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A Fiend-like Queen

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Introduction

A Fiend-like Queen At the end of the play Macbeth, Malcolm refers to Lady Macbeth as a "fiend-like queen". In this essay I will discuss how accurate this description is. I will separate the description into its two parts - "fiend-like" and "queen", and analyse each in turn. Throughout the book, our perceptions of Lady Macbeth and our sympathy and empathy towards her change constantly. At the beginning of the play, when she is first introduced to us, we immediately perceive Lady Macbeth as a character who is not easy to excite, as she reads Macbeth's letter that tells of the witches' predictions. Even though she is pleased and fully believes that Macbeth will become King, she worries straight away about his lack of high ambitions, and thinks that he is too fair and kind to succeed as King. However, she immediately changes with the news that King Duncan will be staying at her castle that night, and becomes ruthless and excited, as opposed to the calm and gracious lady we were led to believe she would be when in his letter Macbeth refers to her as "my dearest partner of greatness". Her ruthless side is shown as she quickly constructs a plan to murder Duncan, and works herself into an anxious frenzy. ...read more.

Middle

Immediately after the murder has been committed, she once more becomes ruthless and has no qualms about going to the scene of the crime to incriminate the dead King's guards. This indicates that the forces of evil possessing her have regained control, because any rational person that could not bring themselves to commit a murder would surely not want to go to the scene of the crime to smear blood onto two innocent men. Another point when her conscience breaks through is in Act 5 Scene 1, where one of her Ladies in Waiting calls for a doctor to observe Lady Macbeth's sleepwalking. Lady Macbeth acts almost schizophrenic, indicating a struggle within her between good and evil, and she complains about invisible spots of blood on her hands, and tells herself to wash them off. This is the real Lady Macbeth wanting to forget about the murder, and to rid herself of guilt, and distance herself from the more evil, possessed version of herself that conspired to kill Duncan. Her guilt shows that she does, however, possess queen-like qualities, which proves the latter half of Malcolm's description of her correct. When Macbeth calls her his "dearest partner of greatness" we imagine her as a very fair, and balanced woman, who is probably quite religious, which would have been seen as fashionable at the time the play was set. ...read more.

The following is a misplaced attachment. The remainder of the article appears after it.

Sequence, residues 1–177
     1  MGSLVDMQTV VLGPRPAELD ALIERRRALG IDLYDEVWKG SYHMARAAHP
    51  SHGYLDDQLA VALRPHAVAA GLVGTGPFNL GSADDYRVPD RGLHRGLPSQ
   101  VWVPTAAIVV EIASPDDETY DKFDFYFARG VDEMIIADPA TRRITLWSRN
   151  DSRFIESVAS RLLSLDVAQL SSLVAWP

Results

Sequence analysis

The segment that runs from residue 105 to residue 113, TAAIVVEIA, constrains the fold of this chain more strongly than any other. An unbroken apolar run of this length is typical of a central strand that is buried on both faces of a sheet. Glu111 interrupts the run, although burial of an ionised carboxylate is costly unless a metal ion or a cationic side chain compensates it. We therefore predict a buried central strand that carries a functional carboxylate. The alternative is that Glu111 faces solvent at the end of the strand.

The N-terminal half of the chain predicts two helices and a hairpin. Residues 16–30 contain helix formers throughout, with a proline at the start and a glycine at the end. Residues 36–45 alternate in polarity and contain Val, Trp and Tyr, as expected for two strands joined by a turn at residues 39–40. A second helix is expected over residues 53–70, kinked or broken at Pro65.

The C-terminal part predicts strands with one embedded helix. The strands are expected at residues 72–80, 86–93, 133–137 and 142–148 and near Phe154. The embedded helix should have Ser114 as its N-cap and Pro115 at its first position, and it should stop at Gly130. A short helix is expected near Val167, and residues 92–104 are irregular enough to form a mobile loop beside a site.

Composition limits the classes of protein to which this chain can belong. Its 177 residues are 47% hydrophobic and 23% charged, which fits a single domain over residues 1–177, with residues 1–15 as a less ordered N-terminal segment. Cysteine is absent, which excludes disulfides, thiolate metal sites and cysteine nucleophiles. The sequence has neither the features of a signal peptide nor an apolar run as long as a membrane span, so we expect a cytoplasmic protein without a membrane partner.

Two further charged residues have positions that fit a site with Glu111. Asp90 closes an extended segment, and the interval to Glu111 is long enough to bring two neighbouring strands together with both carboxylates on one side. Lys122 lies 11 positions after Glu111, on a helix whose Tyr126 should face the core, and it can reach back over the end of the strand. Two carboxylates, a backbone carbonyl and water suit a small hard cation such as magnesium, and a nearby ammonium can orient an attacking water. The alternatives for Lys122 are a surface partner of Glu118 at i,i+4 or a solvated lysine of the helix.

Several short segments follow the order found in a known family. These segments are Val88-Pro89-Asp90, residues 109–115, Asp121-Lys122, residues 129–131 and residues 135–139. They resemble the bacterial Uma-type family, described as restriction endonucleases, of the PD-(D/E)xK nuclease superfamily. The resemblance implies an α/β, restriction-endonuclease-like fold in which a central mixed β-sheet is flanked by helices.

Conclusion

Instead of making the situation worse by constantly trying to talk to him, she leaves him alone. However, the situation is affecting her too, but she does not properly reveal this to Macbeth, so as to burden him with even more stress. Unfortunately, the guilt destroys Lady Macbeth before it destroys Macbeth and she commits suicide. This is probably her final act of protection, in that her killing herself prevents her from revealing the truth. In conclusion, the evidence clearly shows that Lady Macbeth possesses many queen-like qualities, including compassion, self-control, authority and clear thinking. Had she been the queen of Scotland through honest means, she would have been very successful, and loved by many. However, the case for calling her "fiend-like" is not so clear. Her evil does not seem to be innate. Rather, it appears to be caused by an outside force, or forces, such as Hecate and the three witches, or the Devil. This is indicated by the lines "Come, you spirits That tend on mortal thoughts, unsex me here, And fill me from the crown to the toe top-full Of direst cruelty!" and Lady Macbeth's schizophrenic sleep-talking. A more accurate description of her would be "a possessed queen". Daniel Walker 12 February 2003 1 ...read more.

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